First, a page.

Paige McCrensky

We are inundated with images and videos on a nonstop basis every day. Visuals are the new Global language.  More than ever, we all realize the impact they can have on our businesses and our culture. The Covid pandemic has increased that intake tenfold, and images’ ability to effect change—and make us check our biases—is more powerful than it has ever been.

This provides new opportunities for marketers’ ability to tell inclusive stories in a way that changes perception and ignites action. Marketers want to do the right thing, but bias and stereotyping present ongoing challenges. So we have partnered with SeeHer to provide the Inclusive Visual Storytelling Guide for Women. It’s a dynamic resource that gives marketers the tools to be more aware and to be braver in their visual storytelling, while also expanding their marketing content to include women of all backgrounds, of all colors and shades, of all abilities, of all ages and others that, collectively, leverage the advantage of diversity.

The passion we’ve uncovered around this topic is amazing. I am a mom with three girls, and every time we do an inclusive Instagram story, one of my daughters proudly sends it to me. So it becomes a legacy we leave our kids, already the most inclusive generation in history. And when we wanted to raise our game and make the guide more interactive and effective, we didn’t even have to ask: Our design platform partner Ceros approached us and said “we want to help. We’ll do the work on our own time after hours because we are so passionate about what you and SeeHer are doing.”

We worked with Ceros on the Inclusive Visual Storytelling Guide for Women landing page and what they created is all at once beautiful, dynamic and powerful.  Our guidelines originally had no visuals and were geared to help provide insights, questions and a glossary to help marketers choose and create more representative imagery for all women. The Ceros design team read the guidelines and brought them to life – using Getty Images content of course – to tell a visually interactive story about the power of being inclusive. They further demonstrated the power that images and video have to lift us all up.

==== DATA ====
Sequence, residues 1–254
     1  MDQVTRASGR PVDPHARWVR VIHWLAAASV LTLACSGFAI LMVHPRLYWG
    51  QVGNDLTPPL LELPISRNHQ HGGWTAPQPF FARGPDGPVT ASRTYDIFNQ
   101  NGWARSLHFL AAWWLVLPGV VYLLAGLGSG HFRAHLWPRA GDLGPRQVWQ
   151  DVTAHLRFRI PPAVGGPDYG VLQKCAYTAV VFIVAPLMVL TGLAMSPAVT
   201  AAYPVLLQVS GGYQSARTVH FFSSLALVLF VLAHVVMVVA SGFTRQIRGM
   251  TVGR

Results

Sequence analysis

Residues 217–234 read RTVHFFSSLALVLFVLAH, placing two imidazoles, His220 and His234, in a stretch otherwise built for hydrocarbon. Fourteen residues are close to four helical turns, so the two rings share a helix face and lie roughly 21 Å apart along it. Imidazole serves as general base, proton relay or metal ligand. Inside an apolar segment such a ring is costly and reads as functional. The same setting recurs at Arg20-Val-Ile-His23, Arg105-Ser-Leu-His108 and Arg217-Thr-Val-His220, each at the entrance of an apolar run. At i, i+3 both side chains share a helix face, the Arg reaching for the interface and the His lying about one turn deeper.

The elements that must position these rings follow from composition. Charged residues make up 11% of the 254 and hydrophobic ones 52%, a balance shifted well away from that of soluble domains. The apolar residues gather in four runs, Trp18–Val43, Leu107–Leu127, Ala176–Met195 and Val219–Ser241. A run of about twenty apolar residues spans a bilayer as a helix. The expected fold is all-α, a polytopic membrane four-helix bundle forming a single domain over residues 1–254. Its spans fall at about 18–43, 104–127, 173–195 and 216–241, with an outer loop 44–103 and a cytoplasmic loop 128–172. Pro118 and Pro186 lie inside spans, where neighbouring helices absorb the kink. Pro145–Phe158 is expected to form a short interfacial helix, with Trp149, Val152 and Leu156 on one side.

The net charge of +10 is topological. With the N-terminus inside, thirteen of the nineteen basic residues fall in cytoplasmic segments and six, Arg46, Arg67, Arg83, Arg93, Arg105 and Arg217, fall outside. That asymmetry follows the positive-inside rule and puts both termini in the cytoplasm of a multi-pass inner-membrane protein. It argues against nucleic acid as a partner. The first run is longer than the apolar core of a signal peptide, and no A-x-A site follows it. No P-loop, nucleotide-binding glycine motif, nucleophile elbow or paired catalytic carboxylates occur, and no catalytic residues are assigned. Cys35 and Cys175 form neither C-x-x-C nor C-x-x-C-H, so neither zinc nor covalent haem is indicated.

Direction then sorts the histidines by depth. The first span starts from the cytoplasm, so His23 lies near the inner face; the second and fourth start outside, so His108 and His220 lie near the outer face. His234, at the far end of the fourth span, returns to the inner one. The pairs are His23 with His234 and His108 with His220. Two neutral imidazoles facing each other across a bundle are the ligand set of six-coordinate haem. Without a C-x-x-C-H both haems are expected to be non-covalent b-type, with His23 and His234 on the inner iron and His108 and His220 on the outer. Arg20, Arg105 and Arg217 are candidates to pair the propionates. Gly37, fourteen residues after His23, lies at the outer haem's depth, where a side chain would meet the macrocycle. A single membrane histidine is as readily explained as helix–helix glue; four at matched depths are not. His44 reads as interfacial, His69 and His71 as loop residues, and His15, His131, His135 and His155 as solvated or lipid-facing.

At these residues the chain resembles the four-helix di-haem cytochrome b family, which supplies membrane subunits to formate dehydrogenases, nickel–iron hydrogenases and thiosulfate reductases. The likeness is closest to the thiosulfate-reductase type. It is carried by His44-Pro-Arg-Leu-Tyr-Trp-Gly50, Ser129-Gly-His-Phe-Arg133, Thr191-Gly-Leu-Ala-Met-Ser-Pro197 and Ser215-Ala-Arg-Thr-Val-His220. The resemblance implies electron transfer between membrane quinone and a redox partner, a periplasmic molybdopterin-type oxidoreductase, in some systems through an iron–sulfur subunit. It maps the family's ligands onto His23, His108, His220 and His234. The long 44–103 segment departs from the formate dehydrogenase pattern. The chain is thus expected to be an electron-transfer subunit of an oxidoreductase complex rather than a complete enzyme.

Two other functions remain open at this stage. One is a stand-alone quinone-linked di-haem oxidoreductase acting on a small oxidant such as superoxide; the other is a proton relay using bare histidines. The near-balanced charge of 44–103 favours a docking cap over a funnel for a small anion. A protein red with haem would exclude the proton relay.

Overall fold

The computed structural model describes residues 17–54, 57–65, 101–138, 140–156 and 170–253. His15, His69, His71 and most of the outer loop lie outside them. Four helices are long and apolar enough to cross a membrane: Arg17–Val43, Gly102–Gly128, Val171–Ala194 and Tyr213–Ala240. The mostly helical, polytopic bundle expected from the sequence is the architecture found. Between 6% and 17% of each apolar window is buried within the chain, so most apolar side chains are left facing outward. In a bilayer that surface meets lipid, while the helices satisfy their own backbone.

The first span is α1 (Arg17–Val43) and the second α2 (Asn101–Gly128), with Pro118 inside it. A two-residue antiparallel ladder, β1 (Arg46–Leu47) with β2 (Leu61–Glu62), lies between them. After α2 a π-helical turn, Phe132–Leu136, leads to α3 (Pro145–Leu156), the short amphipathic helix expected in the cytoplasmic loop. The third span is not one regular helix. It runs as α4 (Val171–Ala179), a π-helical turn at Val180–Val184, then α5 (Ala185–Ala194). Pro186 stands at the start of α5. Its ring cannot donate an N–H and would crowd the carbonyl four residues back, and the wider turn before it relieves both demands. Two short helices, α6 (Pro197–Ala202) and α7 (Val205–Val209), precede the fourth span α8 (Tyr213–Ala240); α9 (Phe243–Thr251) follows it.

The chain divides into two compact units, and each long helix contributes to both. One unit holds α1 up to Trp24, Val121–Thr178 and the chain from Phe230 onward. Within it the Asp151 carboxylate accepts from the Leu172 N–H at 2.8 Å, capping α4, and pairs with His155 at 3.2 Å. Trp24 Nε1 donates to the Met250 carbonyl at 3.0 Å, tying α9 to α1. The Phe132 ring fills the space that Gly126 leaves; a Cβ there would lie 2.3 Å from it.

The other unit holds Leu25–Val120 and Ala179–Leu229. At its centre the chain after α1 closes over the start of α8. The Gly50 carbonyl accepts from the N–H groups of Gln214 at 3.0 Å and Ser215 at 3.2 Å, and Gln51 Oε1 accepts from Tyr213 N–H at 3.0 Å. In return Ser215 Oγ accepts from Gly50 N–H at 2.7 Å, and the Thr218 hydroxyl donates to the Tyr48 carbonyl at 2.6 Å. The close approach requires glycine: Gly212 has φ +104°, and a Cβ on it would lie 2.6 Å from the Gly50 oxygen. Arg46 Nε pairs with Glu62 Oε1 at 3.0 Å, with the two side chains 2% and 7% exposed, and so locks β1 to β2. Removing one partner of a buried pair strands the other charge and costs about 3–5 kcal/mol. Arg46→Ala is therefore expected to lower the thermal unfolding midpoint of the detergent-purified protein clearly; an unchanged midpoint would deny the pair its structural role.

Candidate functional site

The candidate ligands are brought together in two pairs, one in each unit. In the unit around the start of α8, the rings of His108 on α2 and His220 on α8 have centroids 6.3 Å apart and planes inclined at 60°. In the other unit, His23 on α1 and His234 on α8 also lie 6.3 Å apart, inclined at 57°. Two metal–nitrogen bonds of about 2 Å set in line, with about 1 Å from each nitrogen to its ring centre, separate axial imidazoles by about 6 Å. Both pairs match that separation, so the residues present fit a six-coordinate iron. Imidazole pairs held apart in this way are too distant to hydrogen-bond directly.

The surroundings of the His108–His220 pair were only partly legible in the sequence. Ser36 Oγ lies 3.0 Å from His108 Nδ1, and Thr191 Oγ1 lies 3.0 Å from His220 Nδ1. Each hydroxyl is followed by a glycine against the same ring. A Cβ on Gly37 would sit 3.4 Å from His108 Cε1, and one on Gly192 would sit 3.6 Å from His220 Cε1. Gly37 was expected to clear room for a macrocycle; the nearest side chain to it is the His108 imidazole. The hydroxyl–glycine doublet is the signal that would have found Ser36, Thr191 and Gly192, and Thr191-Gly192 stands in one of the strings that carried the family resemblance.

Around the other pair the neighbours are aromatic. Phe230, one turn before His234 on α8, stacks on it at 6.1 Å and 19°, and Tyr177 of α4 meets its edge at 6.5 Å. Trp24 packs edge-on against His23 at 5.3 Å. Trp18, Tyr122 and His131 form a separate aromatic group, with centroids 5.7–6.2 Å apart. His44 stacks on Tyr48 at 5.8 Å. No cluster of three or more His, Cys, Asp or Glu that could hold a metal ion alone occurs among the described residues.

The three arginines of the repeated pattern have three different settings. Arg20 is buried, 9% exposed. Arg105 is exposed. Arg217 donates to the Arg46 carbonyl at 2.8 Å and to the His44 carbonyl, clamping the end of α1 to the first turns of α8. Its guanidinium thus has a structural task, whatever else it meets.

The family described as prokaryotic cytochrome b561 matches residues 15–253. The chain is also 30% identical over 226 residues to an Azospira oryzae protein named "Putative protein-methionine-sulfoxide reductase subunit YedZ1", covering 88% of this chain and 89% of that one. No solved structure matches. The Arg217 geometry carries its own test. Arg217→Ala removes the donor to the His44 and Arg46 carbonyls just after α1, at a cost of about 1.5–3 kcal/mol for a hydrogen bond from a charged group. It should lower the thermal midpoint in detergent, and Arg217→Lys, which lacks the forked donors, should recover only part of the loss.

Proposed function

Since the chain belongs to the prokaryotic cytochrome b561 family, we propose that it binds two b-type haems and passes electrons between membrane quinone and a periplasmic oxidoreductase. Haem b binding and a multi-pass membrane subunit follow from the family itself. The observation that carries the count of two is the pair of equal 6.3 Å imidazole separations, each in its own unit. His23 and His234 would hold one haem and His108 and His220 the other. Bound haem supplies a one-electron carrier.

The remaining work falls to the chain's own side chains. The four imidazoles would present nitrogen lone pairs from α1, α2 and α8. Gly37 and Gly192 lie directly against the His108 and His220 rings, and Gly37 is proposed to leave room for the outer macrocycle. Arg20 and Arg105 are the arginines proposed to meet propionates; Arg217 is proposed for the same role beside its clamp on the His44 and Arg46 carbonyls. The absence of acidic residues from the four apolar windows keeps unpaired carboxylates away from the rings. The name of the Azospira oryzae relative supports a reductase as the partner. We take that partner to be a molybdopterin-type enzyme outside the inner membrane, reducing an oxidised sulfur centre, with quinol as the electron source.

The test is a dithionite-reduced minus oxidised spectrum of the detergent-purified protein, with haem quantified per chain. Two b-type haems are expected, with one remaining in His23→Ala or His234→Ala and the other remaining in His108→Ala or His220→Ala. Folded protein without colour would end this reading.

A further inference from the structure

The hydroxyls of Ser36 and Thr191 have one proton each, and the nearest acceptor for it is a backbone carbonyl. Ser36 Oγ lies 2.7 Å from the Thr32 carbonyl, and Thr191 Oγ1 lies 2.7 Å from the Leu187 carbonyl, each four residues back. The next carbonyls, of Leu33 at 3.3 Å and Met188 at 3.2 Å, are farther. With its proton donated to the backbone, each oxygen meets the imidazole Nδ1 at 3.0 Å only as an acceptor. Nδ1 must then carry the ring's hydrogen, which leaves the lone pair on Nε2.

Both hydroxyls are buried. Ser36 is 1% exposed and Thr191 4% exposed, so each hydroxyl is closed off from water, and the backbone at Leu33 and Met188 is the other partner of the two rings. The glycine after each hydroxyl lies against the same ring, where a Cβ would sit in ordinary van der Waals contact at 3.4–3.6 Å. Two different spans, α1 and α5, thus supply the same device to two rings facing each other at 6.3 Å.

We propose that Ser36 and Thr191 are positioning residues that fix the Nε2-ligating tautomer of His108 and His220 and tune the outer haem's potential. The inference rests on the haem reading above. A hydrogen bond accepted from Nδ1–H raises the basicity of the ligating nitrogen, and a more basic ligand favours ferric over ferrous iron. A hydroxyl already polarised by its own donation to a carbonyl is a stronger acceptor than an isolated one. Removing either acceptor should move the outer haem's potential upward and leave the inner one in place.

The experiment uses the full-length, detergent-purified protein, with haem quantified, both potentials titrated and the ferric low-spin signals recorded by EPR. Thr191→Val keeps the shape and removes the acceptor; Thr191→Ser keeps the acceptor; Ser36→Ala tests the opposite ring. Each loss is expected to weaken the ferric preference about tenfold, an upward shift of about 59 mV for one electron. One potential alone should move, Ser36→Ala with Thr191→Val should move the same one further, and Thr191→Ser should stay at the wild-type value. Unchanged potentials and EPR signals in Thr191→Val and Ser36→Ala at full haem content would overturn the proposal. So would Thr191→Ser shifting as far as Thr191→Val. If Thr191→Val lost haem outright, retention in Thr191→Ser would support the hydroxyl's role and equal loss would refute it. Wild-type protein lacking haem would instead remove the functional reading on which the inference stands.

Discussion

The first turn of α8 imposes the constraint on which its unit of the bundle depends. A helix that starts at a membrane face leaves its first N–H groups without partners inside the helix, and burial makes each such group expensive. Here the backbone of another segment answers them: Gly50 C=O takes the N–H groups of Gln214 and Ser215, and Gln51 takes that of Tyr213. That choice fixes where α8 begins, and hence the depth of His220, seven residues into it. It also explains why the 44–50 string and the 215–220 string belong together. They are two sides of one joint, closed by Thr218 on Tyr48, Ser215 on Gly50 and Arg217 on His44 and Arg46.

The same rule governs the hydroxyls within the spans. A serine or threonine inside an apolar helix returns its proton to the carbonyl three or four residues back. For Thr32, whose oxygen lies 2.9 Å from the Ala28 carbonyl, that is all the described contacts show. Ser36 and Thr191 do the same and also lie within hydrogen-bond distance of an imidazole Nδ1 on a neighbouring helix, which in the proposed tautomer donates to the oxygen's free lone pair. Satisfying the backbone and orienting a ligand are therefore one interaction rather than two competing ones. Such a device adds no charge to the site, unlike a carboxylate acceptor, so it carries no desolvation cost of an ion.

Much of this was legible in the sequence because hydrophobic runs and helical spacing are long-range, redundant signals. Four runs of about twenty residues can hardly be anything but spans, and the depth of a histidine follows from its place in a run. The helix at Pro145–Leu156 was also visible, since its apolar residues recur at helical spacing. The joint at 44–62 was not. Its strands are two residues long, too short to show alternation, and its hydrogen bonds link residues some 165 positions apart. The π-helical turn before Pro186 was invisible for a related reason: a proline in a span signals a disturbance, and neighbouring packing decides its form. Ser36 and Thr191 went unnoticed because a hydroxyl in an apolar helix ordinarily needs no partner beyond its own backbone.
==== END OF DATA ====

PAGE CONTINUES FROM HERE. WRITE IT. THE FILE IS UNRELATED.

So we don’t need to talk about the effect of a picture of a female firefighter; we help marketers to feel it.  The landing page added that extra element we hope will inspire brands to use inclusive content and visuals. In a way, Ceros is the Guide’s first success story.

Here’s how Melissa Wygant, head of Professional Services at Ceros, explains the enthusiasm the movement generates and why her team wanted to help so much:  “I worked in fashion e-comm for a decade,” she says, “and ‘diversity’ was one model out of five with a slightly different skin tone but still impossibly skinny, young and feminine. The fashion and advertising industries have made progress since then but we need more, and now I’m lucky to be in a position to help influence that change. It would be irresponsible not to. My crazy talented team is extremely vocal about diversity and advocacy, too, so partnering was a no-brainer.”

At Getty Images, we’ve been working on creating inclusive content for over six years geared towards breaking stereotypes and providing authentic representation of the world we live in. Joining forces with SeeHer strengthens that effort by orders of magnitude. The timing is incredibly appropriate, given that because of the pandemic, women, who bear a disproportionate burden, need to be top of mind in marketers’ storytelling. The social justice movement sparked by the murder of George Floyd, Breonna Taylor and others has further heightened the need for inclusive stories.

With the Visual Storytelling Guide, brands now have a starting point, a solution in place, on how to do it.